Thursday, 16 February 2017

Waiting for Spring and some pleasant surprises

So far winter has passed with no serious snow fall or freezing conditions, occasional flurries of the white stuff and the odd need to scrape the car windows before early morning journeys may be signs of a temporary change in our weather, we shall see!

Bright days have been all too few, we seem to get day after day of dull grey skies that do little to lift the spirits or the shutter speeds. Despite vast improvements in camera technology and the availability of processing software that can enhance an image there is still no real substitute for some real early morning or late afternoon good light.

I ventured over to Wharfedale one morning and managed to get a dipper in fairly close...

This caught me by surprise and I overexposed the shot, losing the detail on the white throat...must try harder!

A male goosander was having a wing stretch...

I spotted a distant kingfisher

At my raptor watchpoint a female sparrowhawk flew in and landed in a tree for a few moments before flying off

A short while later a young hen harrier flew through, distant but unmistakeable to the experienced eye!

Looks like a young male with the slim body, great to see.

We had a day at RSPB Blacktoft Sands, nr Goole and a great day if you are within travelling distance.

Plenty of ducks to see with some wigeon in close...

Stonechat in the reeds

A kingfisher landed close by but flew away before I got the camera on it, heyho :-)

A few marsh harrier shots, mainly juveniles as most of the adults migrate and will return over the coming months...

Back home and out on the moor on a sunny day, the red grouse males are challenging...literally at times!

Red kite are becoming very common sightings for us, happy days!

A peeping grouse...

My new hen harrier site has been visited with some success...

We had a couple of days up in East Cumbria, near the RSPB reserve at Geltsdale. What a stunning place, mile after mile of wild moorland and home to very special birds. A very kind local pointed out a good place to see black grouse so a pre-dawn set off and we found the location, and the black grouse too. They often spend time in the tops of bushes, a female demonstrated that.

We probably just missed the "lek" the males fan their white tails and parade and fight for the attention of the ladies. Male black grouse...

Another shot of a female...

Then it was on to Geltsdale, this was going to be a long day, long walks and lots of binocular checks and some cold fingers firmly crossed.

The reserve is huge with various options for walks, our own experience plus a healthy dose of local advice led us to concentrate on a few walks to good vantage points.

Distant male hen harrier, despite much hard work we were unable to get closer views but what a delight to see.

Scanning around for the harrier we discovered another treasure, a hunting short eared owl, with sightings scarce at home this year this was another delight!

The following day was notable for rain, rain and more rain, enough said!

Since seeing the young male hen harrier at my new location I have been hoping for some decent light to get some really good shots, maybe hope pays the company of a great mate....what an absolute treat and reward for my patience...

Wow, what greater reward could I have wished for, a stunning bird and a delight to see.

The rewards for patience are wonderful, and it feels like almost like nature does reward patience.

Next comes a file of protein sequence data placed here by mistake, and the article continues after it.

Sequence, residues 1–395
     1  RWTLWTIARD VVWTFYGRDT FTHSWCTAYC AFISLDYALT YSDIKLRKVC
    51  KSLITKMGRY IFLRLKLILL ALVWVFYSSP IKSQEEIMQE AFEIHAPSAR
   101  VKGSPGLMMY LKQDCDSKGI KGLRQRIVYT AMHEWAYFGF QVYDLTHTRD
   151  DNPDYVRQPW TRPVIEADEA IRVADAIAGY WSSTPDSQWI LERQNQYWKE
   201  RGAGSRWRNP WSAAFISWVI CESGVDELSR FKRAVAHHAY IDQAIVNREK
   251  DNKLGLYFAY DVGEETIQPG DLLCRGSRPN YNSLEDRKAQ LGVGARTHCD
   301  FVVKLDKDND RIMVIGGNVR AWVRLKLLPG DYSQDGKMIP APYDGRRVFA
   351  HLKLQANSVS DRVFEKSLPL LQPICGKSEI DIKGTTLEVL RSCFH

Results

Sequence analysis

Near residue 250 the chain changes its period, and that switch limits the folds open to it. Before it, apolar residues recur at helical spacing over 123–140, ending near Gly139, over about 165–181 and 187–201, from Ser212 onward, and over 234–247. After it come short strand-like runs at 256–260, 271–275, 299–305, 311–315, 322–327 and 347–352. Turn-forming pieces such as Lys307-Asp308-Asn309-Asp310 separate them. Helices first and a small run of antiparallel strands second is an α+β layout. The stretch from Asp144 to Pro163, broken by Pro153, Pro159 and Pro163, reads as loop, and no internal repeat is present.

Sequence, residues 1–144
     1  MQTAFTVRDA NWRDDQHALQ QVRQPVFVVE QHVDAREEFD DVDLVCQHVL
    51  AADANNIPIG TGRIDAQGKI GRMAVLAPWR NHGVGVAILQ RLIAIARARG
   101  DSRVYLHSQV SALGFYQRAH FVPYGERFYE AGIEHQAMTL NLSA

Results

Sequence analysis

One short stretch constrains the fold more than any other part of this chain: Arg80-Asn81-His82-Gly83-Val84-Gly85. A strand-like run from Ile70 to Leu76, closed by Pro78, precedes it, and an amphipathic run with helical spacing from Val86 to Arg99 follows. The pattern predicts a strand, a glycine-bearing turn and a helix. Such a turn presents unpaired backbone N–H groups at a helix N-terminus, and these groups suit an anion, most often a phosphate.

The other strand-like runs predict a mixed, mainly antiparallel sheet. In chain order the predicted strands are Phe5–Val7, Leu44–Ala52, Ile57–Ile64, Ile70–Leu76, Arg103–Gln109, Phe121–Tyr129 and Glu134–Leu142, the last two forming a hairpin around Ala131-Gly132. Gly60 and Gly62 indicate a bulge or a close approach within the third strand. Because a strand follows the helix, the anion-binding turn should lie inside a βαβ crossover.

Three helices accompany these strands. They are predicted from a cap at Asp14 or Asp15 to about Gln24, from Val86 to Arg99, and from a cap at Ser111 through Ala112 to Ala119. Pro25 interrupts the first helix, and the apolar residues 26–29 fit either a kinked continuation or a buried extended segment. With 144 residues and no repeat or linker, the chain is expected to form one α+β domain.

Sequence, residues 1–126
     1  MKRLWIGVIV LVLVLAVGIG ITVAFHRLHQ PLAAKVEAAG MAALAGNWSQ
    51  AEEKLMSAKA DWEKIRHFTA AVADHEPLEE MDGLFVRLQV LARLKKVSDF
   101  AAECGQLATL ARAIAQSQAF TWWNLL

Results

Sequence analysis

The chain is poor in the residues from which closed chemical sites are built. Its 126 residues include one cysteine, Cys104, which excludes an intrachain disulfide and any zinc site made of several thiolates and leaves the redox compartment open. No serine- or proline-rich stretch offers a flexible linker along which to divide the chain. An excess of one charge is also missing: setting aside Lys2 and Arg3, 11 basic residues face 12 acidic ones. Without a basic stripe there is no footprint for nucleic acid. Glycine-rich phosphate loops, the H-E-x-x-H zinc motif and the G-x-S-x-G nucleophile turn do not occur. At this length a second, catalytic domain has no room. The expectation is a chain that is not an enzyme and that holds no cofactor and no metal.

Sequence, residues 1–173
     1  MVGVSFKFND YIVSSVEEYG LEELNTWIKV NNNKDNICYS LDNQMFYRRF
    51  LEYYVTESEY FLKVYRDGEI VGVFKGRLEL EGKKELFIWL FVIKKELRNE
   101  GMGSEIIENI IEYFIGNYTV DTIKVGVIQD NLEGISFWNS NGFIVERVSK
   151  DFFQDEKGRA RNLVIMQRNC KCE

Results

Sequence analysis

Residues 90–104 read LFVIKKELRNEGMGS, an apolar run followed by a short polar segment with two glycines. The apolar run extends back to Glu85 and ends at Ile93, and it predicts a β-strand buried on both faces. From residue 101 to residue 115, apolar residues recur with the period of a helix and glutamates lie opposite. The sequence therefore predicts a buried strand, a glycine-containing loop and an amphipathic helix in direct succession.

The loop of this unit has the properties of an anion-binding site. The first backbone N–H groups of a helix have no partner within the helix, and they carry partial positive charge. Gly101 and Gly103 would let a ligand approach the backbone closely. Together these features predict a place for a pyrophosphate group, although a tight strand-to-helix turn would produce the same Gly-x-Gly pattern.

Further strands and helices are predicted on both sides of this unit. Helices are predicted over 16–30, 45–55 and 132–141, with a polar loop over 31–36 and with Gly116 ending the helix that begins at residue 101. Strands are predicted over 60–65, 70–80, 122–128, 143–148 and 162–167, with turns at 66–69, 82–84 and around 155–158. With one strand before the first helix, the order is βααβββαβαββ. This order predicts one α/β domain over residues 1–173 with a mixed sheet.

I shall never stop preaching this way above the pay per shot hides where artificial shots and values abound, they alter the natural behaviour of wildlife by feeding predatory birds for the pleasure of photographers and the financial rewards that follow, they will say it is no different to garden feeders, believe me it is. The birds that use feeders are able to re-adapt to different foods, seeds, berries etc at different times of the year. Predatory birds need instinct and razor sharp reflexes, if the meal is provided too easily they lose that, and that is passed on in their genes. The young won't move away from an easy food source and so it goes on.

One of the best examples of this is the osprey feed ponds, tiny pools with hides close, these set ups are drawing more and more young birds which are disrupting nest behaviour of previously reliable parent ospreys. The young males, drawn by by easy prey will attack the nest site trying to attract the females attention, several nests sites have failed because of this in recent years...all in the name of photography, saddens me.

If you see birds of prey while you are out at this time of the year it is a great time to watch out for "display" flights from them as they will soar up on thermals to attract a partner or to re-bond with an existing one. Sometimes locking talons and tumbling down together it can be an exhilarating sight.
If the tumbling continues to the ground or near it, this may well be birds of the same sex competing for a partner or territory but this is a much rarer sight.

Please support wildlife by staying away from artificial set ups and by not supporting photographers who use them.

Many thanks to all who read the blog, please don't forget if you do comment that they come to me first for moderation, the support of all readers is much appreciated.


  1. Brilliant photos and heart-felt sentiments Dave. How wonderful for you to be able to capture such gorgeous shots of the short eared owl. Despite this somewhat grey winter, you have been rewarded for your patience. No idea where your Cumbrian reserve of Geltsdale is situated, a new one for us.

  2. A refreshing read with great images. I completely agree with your view on wildlife ethics. Too many people out there now who just want the image whatever the cost to the subject.